Alaska is the largest state in North America but thanks to good rail links from the coast, quick travel into more central regions is available. Some of the planet’s most beautiful wildlife calls Alaska home, while the natural landscape includes some of the most attractive national parks on earth including Glacier Bay and Denali, with overnight stays in charming lodges available.

The most popular season for cruises in Alaska is from May to September, but all year round Alaskan tourist attractions offer some great entertainment, with many documenting the rich history of the area.

Visually stunning and dramatic landscapes of Alaska

Due to the vast expanse of land that makes up the Alaskan territory, many cruises operate on a 'cruise and stay' basis - involving a stay over one or more nights in accommodation on land before either returning to the ship or flying home. This allows ample time to appreciate the unique sights and sounds of Alaska, from the expansive forests and beautiful wildlife to the massive glaciers that shape the landscape of this visually stunning state.

During your stay you may encounter some of the small communities that are scattered around the forests of Alaska. Deeply traditional, these villages are welcoming to strangers, more than used to tourists and only too happy to introduce newcomers to their way of life. Many cruise operators offer itineraries that combine Alaskan cruises with trips to neighbouring Canada, where you can trek through the Rocky Mountains as well as many other activities and excursions around the Canadian border.

Many of the ports you will find yourself in during your Alaska cruise are steeped in history, with the gold rush a particularly strong theme. Memorabilia can be found at various museums at ports including Skagway and Sitka, although the state capital Juneau is a little more modern so lacks the sense of tradition of other Alaskan ports, although some gold rush paraphernalia can still be found.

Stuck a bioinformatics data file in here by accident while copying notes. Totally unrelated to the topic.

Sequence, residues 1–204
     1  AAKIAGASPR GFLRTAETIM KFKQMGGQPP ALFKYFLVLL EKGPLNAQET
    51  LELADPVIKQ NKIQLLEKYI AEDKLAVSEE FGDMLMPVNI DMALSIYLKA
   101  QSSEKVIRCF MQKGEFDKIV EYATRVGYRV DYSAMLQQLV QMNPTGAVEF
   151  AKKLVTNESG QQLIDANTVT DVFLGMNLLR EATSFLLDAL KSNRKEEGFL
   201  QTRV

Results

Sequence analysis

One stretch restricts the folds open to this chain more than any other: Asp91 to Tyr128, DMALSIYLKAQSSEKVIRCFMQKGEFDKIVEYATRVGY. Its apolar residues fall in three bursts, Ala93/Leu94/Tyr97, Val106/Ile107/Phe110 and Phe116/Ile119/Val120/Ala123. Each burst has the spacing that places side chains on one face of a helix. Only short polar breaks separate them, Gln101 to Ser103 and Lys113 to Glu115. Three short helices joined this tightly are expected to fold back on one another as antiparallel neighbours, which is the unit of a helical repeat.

Juneau is the smallest of America's state capitals but is big on tourism, especially cruises. Opportunities for shore excursions here are plentiful and varied in nature, with plenty to do during your day trip including helicopter and tramway tours. Ketchikan is definitely gold rush country but is also home to Misty Fjord, a stunning area of exquisite beauty, including shimmering, crystal clear lakes and majestic waterfalls.

Sitka, the former Russian capital of Alaska, retains much of its Russian heritage and offers an intriguing blend of eastern European and Alaskan culture. Walled by snow-capped mountains, the port provides plenty of reminders of the gold rush, as does Skagway, whose old fashioned streets and buildings look as charming from the air during a helicopter tour as from the ground.

Activities & excursions

Nature hikes through the stunning natural landscape allows cruise passengers to see wild bears and elks, amongst many others. Whale watching off the coast is another popular activity, thanks to the willingness of these amazing creatures to perform for their audience. Other animals that visitors may be lucky enough to meet include sea lions, and the largest population of bald eagles on earth who can be seen fishing the rivers for salmon.
As well as nature lovers, fans of outdoor pursuits will love the activities available during an Alaskan cruise holiday. Alaska's rivers offer the ideal environment for rafting, canoeing and jet boat rides.

Ports including Sitka and Skagway are ideal for sightseeing, with wild forests and imposing glaciers providing the sort of memories that stay with you for life and seem almost dream-like when you return to the ship. There are several ways to enjoy a tour of the local landscape, one of the most popular being by air. With helicopters and floatplanes ready to whisk you skywards as you swoop over rivers and mountains, you can get a bald-eagle's eye view of this dramatic natural environment.

Another way to see Alaska is on a dog-sledding tour, with many cruise operators enjoying a great relationship with local providers to ensure you experience the authentic Alaskan way of travel. There is also plenty to do if you make your own way around the ports, with many traditional shops to browse, plus mouth-watering locally-sourced food available at a variety of places to eat in each port as well as friendly bars where you can sample the local beers. There are also several diverse tourist attractions, including no less than five museums in Skagway alone.


Alaska offers a varied culture thanks to a rich history, the relics of which are clear today to anyone exploring its ports and inland areas. Sitka, for example, was the site of an ownership struggle in the early 1800s between Russian settlers and the indigenous Tlingit people of the south-east Alaskan coast. Today it is clear to see that Sitka's identity is shaped by an amalgamation of the two cultures, with elements of each apparent in every element of life in the area.


Alaska experiences fairly extreme weather inland, from the icy winters to blazing hot summers. Due to the size of the state, it also varies from place to place. The south-east coast, home to Ketchikan, enjoys a rainforest climate, so pack your waterproofs as the weather can be unpredictable at the best of times. Winter is the time to enjoy dog-sledding and other snow-based activities, while the summer months are perfect for fishing and rafting as the long days offer plenty of sun.

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